Triple H recently discussed The Chaperone, here are the highlights…
On Him Taking Such A Long Break Between Movies: Yeah, for me, I dug what I was doing, do you know what I mean? And that was the thing for me. When “Blade” came along and I did “Blade,” it was fun to do and all that, but I was a WWE star and that’s what I wanted to be doing, and that’s what I had in my head. I got offered a few other things, and if it would have been something great I suppose, I might have jumped on it, but it wasn’t something where I thought it was worth taking time away from this. I’m at a different point now, I’m at point of my career where I’m 41 years old, which from a WWE wrestling standpoint is a young man’s business. I’m not saying I’m done, but it’s not what I’m going to be doing full-time every day for the next ten years. It was the time for me to do it and it was a different challenge for me, I enjoyed it.
On Getting The Script: I’m not sure how they acquired the script–but they sent a copy of the script to me and I thought it was good, I enjoyed it. It obviously needed some changes or whatever but I enjoyed the script. I thought the story was good, and I thought that it had a good feel to it, a good heart, and the character was good, so I told them I was interested in doing it when the time was right. We just kind of slotted it into production. I did another film for them also, which I was never scheduled to do, but one of the guys they were going to do it with we had contractual issues with and he left and Vince asked me to do it, so I stepped in and I did that one also. “The Chaperone” I was always supposed to do, and I just liked it because it was a different challenge. It was a character that I got to be a little funny at times, serious at times, emotional at times, so it was a different challenge for me. It’s easy for us to go out there, we can all do action pretty well, and I think that’s the standard of what everybody thinks they’re going to get out of us. To be able to do something else, not just from a fan’s standpoint, but from a challenge standpoint. I’d like to do things that aren’t just me being Triple H but with a different name.
On Parents Being Able To Bring Their Kids To The Movie: I mean, I hope they will. I guess to me there was a point in time when Arnold (Schwarzenegger) was making movies where he slaughtered hundreds of people per scene, and then he made “Kindergarten Cop,” but people kind of went with it. I’m hoping that’s what they’ll see. The thing that’s difficult for us is I think they think they see Triple H of the WWE and they think that’s all we are, because it’s the character they see us as the most and we get typecast in that role. But it’s really a character I play, no different than Ray Bradstone in “The Chaperone” is. It’s a character that you portray in a show, but not everybody, but there’s a lot of guys that are very talented in the WWE that can do other things than just what we do, too.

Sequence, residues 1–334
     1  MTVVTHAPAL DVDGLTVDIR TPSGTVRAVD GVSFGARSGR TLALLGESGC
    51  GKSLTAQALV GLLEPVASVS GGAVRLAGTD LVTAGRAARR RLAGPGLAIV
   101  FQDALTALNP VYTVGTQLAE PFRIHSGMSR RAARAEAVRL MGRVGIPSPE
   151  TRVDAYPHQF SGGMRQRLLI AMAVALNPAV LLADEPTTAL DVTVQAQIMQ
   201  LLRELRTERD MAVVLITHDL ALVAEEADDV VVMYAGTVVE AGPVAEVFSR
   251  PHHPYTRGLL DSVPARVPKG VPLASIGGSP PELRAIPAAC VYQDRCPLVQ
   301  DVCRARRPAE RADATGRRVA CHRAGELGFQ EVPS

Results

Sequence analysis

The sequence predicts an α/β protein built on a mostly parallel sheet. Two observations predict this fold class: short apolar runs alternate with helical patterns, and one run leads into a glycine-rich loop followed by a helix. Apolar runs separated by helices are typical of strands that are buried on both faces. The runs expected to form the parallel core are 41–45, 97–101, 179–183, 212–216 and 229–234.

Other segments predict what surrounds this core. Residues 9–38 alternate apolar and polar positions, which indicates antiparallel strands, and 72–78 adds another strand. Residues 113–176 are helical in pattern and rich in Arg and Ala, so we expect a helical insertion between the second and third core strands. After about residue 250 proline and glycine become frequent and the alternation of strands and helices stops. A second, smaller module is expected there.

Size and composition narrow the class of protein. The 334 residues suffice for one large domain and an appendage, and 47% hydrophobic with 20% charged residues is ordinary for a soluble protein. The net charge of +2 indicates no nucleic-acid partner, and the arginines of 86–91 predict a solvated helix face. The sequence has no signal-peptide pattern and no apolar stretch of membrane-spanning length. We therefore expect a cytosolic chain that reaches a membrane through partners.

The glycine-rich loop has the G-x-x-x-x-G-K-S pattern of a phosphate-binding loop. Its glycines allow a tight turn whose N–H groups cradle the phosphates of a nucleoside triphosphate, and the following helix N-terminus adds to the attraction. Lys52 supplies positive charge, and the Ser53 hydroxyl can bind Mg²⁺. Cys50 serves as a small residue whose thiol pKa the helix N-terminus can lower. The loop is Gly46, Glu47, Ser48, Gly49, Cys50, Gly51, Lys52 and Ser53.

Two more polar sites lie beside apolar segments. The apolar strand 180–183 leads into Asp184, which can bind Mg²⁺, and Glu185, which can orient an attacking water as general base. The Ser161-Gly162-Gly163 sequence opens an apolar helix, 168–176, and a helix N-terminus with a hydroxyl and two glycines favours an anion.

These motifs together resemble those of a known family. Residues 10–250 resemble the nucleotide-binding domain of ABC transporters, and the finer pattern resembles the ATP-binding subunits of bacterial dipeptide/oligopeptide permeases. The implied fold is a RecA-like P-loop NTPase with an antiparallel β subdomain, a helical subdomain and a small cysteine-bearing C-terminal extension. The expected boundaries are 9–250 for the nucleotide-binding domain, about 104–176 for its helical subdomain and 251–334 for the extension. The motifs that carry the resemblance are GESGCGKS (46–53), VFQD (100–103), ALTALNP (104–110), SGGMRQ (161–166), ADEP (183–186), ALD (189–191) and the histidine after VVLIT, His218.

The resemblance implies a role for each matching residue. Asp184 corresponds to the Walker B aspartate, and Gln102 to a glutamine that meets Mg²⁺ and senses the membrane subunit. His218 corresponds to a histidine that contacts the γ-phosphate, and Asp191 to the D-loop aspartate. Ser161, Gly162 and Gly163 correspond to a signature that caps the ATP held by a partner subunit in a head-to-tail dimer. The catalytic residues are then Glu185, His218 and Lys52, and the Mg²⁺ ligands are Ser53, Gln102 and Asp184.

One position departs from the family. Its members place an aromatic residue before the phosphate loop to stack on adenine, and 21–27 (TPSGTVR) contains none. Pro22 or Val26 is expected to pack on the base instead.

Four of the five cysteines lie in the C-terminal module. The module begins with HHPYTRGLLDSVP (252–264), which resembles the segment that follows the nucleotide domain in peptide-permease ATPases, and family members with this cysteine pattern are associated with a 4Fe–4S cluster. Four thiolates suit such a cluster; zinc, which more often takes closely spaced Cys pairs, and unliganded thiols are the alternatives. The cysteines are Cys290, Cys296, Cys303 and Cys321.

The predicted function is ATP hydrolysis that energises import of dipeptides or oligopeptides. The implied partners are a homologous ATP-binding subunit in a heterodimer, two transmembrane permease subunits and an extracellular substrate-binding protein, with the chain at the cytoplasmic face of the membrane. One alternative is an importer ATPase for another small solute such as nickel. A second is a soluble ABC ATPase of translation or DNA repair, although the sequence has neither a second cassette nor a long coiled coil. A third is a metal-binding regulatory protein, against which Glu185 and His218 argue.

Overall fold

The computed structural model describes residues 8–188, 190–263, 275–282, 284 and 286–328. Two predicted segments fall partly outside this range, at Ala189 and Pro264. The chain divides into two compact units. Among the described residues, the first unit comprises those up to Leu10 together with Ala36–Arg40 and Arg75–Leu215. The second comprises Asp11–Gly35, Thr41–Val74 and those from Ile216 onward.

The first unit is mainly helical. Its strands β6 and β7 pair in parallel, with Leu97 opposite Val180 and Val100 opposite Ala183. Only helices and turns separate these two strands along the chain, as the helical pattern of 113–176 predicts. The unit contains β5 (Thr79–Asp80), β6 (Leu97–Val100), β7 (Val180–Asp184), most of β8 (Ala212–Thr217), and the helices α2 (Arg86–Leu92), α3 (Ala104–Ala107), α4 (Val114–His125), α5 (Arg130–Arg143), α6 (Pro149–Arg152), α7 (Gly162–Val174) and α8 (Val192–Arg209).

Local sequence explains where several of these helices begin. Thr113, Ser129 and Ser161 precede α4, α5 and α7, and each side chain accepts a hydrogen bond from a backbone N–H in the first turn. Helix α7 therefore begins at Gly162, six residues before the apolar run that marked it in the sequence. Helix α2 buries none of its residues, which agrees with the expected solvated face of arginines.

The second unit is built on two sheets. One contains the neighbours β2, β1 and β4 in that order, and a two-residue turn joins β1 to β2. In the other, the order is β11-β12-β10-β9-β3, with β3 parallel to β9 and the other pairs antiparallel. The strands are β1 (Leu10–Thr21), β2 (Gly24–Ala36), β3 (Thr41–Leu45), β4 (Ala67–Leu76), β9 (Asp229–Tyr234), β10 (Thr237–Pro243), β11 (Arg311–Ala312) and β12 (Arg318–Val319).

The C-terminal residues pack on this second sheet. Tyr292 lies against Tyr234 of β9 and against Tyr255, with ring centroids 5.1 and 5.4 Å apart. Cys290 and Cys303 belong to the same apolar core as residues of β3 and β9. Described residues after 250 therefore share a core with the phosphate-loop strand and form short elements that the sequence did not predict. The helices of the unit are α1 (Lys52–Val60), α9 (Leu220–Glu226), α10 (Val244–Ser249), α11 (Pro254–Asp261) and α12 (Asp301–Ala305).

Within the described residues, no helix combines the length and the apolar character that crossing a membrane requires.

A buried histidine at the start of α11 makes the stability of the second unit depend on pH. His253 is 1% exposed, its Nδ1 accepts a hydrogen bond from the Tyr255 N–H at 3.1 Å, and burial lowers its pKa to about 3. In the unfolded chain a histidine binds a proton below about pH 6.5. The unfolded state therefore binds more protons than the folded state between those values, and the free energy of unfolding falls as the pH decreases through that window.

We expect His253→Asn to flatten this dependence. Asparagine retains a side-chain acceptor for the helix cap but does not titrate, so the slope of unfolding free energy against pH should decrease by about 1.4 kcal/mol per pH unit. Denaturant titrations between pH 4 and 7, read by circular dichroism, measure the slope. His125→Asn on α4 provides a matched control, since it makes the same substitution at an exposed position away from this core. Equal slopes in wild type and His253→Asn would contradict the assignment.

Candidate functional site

On His Next Film: Yeah, I mean, we shot in five weeks. One of the things that WWE Studios do, we shoot movies back-to-back in the same location. We shot four films in New Orleans, all back-to-back, so we save a ton of money on releasing the crew, then starting with a new crew. Basically, we would shoot a film five, six weeks, take a week off or so, and then they go right into the next film with the same crews, and all that changes out is the cast and the directors and stuff like that. Everything else kind of stays the same, so by the time we got to doing “The Chaperone,” these people had all worked together for probably the better part of a year. So it was a very family environment, which is kinda what the WWE is anyway, so it really kinda worked.